Hogberg P, Johannisson C, Hog M, Nasholm T, Hallgren JE
Measurements of Abundances of N-15 and C-13 as Tools in Retrospective Studies of N Balances and Water-Stress in Forests - a Discussion of Preliminary-Results
Plant and Soil: 1995 169:125-133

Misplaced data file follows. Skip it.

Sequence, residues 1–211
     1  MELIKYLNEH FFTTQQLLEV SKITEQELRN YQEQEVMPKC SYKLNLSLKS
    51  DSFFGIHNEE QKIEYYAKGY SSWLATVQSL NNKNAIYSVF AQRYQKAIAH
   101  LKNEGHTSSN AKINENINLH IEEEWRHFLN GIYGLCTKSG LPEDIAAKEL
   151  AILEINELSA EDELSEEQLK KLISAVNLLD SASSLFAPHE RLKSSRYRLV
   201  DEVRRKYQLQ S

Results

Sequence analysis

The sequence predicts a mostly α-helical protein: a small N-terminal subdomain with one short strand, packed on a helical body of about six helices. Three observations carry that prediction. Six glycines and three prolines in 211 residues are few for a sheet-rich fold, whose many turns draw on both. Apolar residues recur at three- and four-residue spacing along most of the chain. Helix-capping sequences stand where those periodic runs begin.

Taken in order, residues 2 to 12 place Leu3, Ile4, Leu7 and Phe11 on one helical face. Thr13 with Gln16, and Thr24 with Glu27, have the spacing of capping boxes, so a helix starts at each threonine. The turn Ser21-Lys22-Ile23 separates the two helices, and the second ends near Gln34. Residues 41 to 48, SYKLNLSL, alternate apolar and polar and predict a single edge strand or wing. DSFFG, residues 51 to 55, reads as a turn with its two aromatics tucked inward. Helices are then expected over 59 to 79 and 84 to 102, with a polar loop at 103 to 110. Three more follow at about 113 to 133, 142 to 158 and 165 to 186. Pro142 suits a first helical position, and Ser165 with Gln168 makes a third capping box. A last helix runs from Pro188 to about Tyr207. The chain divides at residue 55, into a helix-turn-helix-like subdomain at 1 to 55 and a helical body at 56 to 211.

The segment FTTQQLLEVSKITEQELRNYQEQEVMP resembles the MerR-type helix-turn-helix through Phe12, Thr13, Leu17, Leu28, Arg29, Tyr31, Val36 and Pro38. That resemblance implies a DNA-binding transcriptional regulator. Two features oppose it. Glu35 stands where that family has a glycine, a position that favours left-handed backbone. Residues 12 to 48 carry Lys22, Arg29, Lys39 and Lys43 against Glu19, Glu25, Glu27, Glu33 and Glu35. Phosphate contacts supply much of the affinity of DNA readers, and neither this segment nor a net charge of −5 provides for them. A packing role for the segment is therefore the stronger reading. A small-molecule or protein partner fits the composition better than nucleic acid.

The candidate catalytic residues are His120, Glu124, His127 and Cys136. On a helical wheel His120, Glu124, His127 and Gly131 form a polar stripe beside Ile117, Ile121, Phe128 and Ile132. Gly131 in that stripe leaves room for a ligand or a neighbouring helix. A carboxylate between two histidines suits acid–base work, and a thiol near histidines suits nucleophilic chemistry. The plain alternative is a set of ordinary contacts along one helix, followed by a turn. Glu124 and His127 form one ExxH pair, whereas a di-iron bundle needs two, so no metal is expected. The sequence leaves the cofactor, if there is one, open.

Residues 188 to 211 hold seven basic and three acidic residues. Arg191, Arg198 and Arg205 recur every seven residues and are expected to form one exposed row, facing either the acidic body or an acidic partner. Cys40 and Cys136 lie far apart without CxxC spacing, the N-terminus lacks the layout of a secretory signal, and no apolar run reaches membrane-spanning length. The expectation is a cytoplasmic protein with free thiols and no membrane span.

Preliminary attempts to make retrospective studies of N balances and water stress in forest fertilization experiments by analyzing changes in the abundances of N-15 and C-13, respectively, are discussed. Most evidence is from the Swedish Forest Optimum Nutrition Experiments, which have been running for two decades. Annual additions of N have been given either alone or in combination with other elements, notably P and K, every third year. Processes leading to loss of N, e.g. volatilization of ammonia, nitrification followed by leaching or denitrification, and denitrification alone, discriminate against the heavy isotope N-15. A correlation was found between fractional losses of added N and the change in delta(15)N (parts per thousand) during 19 years in current needles in a Scots pine forest, irrespective of source of N. Isotope effects were larger on urea than on ammonium nitrate plots (2 as compared to 9 delta(15)N (parts per thousand)) because of ammonia volatilization and higher rates of nitrification. They developed gradually over time, which opens possibilities to analyse the development of N saturation. However, the analysis may be confounded by shifts in N-15 abundance of fertilizer N. In another trial, N isotope effects could be seen in both plants and soils 10 years after the last fertilization, they were smaller in soils because of a large pretreatment memory effect, but we expect them to persist there for decades. The enzyme RuBisCo discriminates strongly against the heavy isotope C-13 during photosynthesis, but this effect becomes less expressed as stomata close because of water stress. The supply of N may also affect the delta(13)C (parts per thousand) via effects on rates of photosynthesis, and the source of N may have an influence directly via non-RubisCo carboxylations, and indirectly via effects on water use efficiency. In a trial with Norway spruce, the effect of N fertilization on the delta(13)C (parts per thousand) of current needles was strongly correlated with production and weakly so with foliar biomass a dry year, but not a wet year. This suggested that these variations are primarily related to induced differences in the balance between supply and demand for water. Hence, studies of C-13 abundance can disentangle the role of water as such from its effects on mineralization of N and flow of N.
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